From March/April next year, this threshold will jump to GBP 38,700.
The UK government's latest set of visa crackdowns to cut immigration figures includes a major hike in the minimum salary threshold for British nationals and permanent residents applying to bring family members to join them in the UK, a move expected to impact several Indian families.
The Family Visa category, under which long-term UK residents are able to bring their spouses and partners to join them, until now required the applicant to be earning at least GBP 18,600 annually.
From March/April next year, this threshold will jump to GBP 38,700, inevitably set to have a significant impact on applicants from the Indian subcontinent – with Indians making up the second-highest cohort under the Family Visa in the past year (5,870) after Pakistanis (15,038), as per official Home Office statistics.
"We will ensure that people bring only dependants whom they can support financially, by raising the minimum income for Family Visas to the same threshold as the minimum salary threshold for skilled workers, which is GBP 38,700," UK Home Secretary James Cleverly told Parliament earlier this week.
"The minimum income requirement is currently GBP 18,600 and has not been increased since 2012. This package of measures will take effect from next spring," he said.
Analysts have flagged that this steep hike will have a wide-ranging impact on the family plans of those on lower incomes. Dr Madeleine Sumption, Director of the Migration Observatory at the University of Oxford, said the decision to raise the family income threshold was the "biggest surprise of the day" and one of the parts of the latest visa package that could have the "most significant impacts on individuals".
Sumption notes: "This threshold determines whether British citizens can bring a foreign partner to live with them in the UK, and the level has been more than doubled. Family migration makes up a small share of the total, but those who are affected by it can be affected very significantly.
"The largest impacts will fall on lower-income British citizens, and particularly women and younger people who tend to earn lower wages. The income threshold will also affect people more if they live outside of London and the south east [England], in areas of the country where earnings are lower." An analysis she co-authored with fellow researcher Dr Ben Brindle reflects that it is unclear why the proposed thresholds for family migration and skilled work migration are the same.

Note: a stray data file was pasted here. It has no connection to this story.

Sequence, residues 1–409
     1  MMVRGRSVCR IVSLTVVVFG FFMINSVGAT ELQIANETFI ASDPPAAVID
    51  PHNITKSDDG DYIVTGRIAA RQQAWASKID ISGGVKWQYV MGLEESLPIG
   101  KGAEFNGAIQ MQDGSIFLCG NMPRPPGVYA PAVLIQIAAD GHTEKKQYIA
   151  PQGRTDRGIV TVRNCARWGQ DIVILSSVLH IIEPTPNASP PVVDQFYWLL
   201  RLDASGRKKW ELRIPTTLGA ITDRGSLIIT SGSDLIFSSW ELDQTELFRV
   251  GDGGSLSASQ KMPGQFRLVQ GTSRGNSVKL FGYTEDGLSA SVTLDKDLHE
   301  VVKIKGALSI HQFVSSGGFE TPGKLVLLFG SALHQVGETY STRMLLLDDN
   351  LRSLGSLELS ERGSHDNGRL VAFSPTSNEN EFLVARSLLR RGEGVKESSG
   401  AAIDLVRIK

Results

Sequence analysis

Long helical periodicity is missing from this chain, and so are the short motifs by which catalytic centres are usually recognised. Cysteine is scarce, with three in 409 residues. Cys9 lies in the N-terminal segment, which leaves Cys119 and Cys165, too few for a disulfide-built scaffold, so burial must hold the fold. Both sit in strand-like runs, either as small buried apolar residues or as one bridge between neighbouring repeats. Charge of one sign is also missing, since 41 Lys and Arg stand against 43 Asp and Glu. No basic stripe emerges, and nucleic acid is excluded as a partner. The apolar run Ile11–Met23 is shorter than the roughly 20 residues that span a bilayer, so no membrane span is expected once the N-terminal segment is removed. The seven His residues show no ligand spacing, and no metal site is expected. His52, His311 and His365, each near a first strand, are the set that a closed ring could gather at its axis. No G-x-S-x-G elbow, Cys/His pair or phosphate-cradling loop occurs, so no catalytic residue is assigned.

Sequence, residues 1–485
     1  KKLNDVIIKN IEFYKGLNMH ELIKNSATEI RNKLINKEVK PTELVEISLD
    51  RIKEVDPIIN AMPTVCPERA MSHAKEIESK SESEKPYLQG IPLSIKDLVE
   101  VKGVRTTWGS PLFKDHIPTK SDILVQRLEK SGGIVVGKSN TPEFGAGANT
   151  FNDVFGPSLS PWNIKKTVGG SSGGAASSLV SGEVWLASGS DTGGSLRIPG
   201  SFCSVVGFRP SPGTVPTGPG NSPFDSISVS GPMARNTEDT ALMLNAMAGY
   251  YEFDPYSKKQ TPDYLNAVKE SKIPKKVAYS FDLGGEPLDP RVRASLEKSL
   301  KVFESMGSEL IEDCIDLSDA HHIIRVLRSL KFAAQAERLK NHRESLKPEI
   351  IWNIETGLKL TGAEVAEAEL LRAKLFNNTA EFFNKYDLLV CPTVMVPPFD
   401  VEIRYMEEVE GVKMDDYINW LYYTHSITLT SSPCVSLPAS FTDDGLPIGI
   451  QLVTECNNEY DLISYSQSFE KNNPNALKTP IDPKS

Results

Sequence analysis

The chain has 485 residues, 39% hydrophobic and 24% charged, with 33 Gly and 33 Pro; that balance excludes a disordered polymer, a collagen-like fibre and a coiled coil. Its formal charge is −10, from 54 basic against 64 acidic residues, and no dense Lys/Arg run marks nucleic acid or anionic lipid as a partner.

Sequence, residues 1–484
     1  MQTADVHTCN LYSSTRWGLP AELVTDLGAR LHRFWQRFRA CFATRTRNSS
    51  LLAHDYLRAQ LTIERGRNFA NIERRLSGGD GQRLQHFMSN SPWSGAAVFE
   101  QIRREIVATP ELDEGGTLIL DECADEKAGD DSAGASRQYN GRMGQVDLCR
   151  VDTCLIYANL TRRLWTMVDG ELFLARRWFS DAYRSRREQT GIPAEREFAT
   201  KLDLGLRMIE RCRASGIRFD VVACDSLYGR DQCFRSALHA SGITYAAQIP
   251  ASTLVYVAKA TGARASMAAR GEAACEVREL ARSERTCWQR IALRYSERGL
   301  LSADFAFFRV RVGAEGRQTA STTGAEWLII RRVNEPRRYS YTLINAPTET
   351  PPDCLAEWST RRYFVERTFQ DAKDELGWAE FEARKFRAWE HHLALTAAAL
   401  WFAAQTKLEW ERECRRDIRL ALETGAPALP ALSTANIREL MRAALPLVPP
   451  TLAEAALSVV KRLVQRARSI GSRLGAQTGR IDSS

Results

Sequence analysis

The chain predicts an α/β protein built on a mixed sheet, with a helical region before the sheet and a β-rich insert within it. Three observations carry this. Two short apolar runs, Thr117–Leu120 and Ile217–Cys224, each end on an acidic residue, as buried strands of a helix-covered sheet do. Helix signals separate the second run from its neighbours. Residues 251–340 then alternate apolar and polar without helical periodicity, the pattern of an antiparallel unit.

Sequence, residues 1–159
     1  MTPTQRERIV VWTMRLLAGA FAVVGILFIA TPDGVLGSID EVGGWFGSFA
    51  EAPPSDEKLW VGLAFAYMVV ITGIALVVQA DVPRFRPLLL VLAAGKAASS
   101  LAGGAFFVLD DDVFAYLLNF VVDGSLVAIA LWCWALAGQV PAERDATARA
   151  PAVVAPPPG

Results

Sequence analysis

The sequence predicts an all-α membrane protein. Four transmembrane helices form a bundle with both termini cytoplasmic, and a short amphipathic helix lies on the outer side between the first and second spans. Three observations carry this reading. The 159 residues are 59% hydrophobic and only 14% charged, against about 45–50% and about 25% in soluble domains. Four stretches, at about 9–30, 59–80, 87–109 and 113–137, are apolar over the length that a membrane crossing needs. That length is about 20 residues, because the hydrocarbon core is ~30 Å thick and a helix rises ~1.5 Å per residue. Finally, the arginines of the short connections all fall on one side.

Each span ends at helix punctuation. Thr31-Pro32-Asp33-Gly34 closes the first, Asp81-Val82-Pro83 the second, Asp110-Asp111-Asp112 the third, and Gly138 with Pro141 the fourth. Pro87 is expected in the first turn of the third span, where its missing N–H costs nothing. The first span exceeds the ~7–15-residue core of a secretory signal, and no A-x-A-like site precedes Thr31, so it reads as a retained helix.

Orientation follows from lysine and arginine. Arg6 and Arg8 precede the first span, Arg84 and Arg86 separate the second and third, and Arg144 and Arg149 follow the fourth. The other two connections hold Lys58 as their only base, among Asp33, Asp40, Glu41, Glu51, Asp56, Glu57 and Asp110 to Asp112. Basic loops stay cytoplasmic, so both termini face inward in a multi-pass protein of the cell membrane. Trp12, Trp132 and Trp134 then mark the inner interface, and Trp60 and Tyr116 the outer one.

"The income threshold will affect some groups more than others. For example, whereas around 60 per cent of men earn less than the new income requirement, this rises to more than 75 per cent for women," they note.
The Opposition Labour's shadow home secretary, Yvette Cooper, has also raised the prospect of many rushed weddings between now and spring 2024 by those desperate to circumvent the new rules.
"What we're asking for is the Migration Advisory Committee (MAC) to look at this. It looks as though the committee hasn't actually been asked to look at this for over 10 years," Cooper told the BBC.
"So, they should be asked to look at this very swiftly, and to look at what the best way to approach this is, because at the moment this seems to have come out of thin air with no plan at all and because there's a possibility that actually what this will lead to is a big increase in rushed marriages and so on in the next few months because of the changes," she said.
Meanwhile, the British Association of Physicians of Indian Origin (BAPIO) – the UK's largest representative body for nearly 80,000 doctors and 55,000 nurses of Indian origin – has written to the Home Secretary on Wednesday demanding clarity on exactly how the new clampdown on overseas care workers will operate.
The letter reads: "It was very concerning and distressing to our members to read about the plans to prevent overseas care workers from bringing their dependents to the UK.
"Stopping their spouses and children from accompanying them to the UK will have a significant detrimental impact on their mental and physical wellbeing resulting in a lower quality of care for patients and a reluctance for these skilled workers to either continue working or start new positions in the UK." Under the new immigration crackdown, overseas care workers will be banned from bringing family members and skilled professionals must meet an annual salary threshold of GBP 38,700, up from the current GBP 26,200.
Indian industry and student groups have warned the Prime Minister Rishi Sunak led government of "unintended consequences" of the new measures aimed at curbing migration figures, which would lead to skilled Indians choosing alternate economies.
(Except for the headline, this story has not been edited by NDTV staff and is published from a syndicated feed.)